The US State Department estimates that there are approximately nine million US citizens living abroad. Starting a new life as an expat obviously appeals to a lot of people.But why are American people particularly drawn to an expat life? And what are their main reasons for staying abroad?
One of the biggest reasons that American citizens settle abroad is love. Seventeen percent of US expats have fallen in love and then stayed in, or relocated to, their partner’s home country.
With a global average of just 12 percent, this tells us that Americans are much more likely to follow their hearts than other migrants. Moving to be with your foreign partner can present a range of challenges such as culture shock, language barriers and isolation. That hasn’t stopped US expats from living a fulfilled life, as 79 percent say they feel at home in their host country.
Many American expats are also choosing to start a family abroad, and in 2016 there were 65,450 overseas births to US citizens. When it comes to choosing a country to start a family, Sweden ranks the best place for migrant families based on the quality of childcare and the low cost of raising children. New Zealand and France are also popular destinations for US expats with kids.
Quality Of Life
One in ten US expats leaves their home country in search of a better quality of life. With an average of just two weeks’ vacation each year, you can understand why American people might be drawn to countries such as France or Finland, which offer a minimum of five weeks paid leave per annum.
New Zealand and Spain often top lists for expat quality of life. With a simple, relaxed lifestyle at a lower cost than in the US, it’s easy to see the appeal of a country like Spain. On the other hand, a huge number of US expats choose to stick slightly closer to home by moving to Canada.
Approximately one in nine US expats live in Canada, drawn to the great education and excellent public health care, as well as the convenience of being within reach of family and friends in the US.
You can’t deny that business is becoming more and more global in nature. And part of that is the increased movement of workers around the globe. Some 31 percent of expats worldwide made the move for work, with US migrants leading the way, particularly in business, education and research.
In fact, a third of US expats report earning a higher income abroad. For those on an equal or lesser salary than back home, the cumulative impact of a lower cost of living and/or a higher quality of life can certainly make the experience worthwhile.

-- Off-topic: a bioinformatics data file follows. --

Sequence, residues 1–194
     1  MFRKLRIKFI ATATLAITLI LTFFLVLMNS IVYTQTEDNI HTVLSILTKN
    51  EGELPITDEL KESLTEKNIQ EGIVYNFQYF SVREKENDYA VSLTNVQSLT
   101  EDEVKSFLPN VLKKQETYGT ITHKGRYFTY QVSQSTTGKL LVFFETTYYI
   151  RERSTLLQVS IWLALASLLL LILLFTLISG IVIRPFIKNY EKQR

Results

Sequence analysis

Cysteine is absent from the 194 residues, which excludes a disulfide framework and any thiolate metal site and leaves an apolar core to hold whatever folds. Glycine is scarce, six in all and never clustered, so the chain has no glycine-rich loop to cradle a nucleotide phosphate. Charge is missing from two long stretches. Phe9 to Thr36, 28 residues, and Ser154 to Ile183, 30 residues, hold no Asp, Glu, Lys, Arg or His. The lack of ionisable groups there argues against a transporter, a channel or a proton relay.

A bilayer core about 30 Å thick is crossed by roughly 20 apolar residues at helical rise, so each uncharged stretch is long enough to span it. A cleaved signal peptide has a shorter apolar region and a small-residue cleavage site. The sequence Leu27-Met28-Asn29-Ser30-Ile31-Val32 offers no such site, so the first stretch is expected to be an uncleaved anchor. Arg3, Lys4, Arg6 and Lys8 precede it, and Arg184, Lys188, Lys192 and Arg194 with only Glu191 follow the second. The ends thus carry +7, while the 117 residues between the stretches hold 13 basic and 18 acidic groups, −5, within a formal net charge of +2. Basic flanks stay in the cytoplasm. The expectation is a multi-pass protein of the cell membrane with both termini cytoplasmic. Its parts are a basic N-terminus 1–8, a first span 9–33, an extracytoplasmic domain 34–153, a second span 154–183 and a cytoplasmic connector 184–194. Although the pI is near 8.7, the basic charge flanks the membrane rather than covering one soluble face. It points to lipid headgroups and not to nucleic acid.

The global nomad trend has definitely caught on in the US. The option to live an independent, mobile lifestyle appeals to Americans, with seven percent of US expats working as freelancers; mainly artists, designers or writers. For the entrepreneurs amongst us, the countries of choice for expats wanting to start a business include Japan, Singapore, Hong Kong and Germany.
American retirees are looking for a higher quality of life at a lower cost than in the US. In 2017, there were an estimated 653,000 Americans receiving their social security payments abroad.
France is one of the most popular expat destinations for retirees, with the majority of expats in France aged 55 or older. Furthermore, three quarters of expat retirees reported that they had an improved quality of life in their new home country.
When it comes to cost of living, however, US expats have to make a number of financial considerations when deciding to retire abroad.
US tax requirements – specifically the Foreign Account Tax Compliance Act – might raise the cost of living abroad in the long run by increasing the amount of tax expats have to pay on their assets or income.
Study And Language
A number of American people choose to study or learn a language abroad. More than 325,000 American students studied abroad in 2016, with Europe being the most popular destination by far.
You might think that most American migrants would prefer to find an English-speaking country to call home. However, the average American expat is either in the process of learning a second language or already speaks a language other than English. Latin America and Asia, where English is less widely spoken, are popular destinations for American students.
Returning To Country Of Origin
The US is an incredibly diverse country, so it is no surprise that many expats might choose to relocate to the family of their cultural heritage. Whether for retirement, employment or lifestyle, thousands of American people who were born outside of the US, or whose parents were, are choosing to return to their roots. The changing economy, political landscape and job market in the US may be the impetus for relocation for many Americans. Personal, religious and safety reasons can also factor into one’s decision to return to their family’s country of origin.
Americans expats can be found in more than 160 countries worldwide. One in three American people living abroad are first-time expats, and 39 percent say it is unlikely they will return to the US.
It’s clear that the expat life appeals to US citizens as much as anyone else. Whether for love, career or retirement, the number of Americans starting a new life abroad has increased over the years, and doesn’t appear to be slowing down any time soon.
American expats, we’d love to hear your story! Share in the comments below; which country did you end up in and why?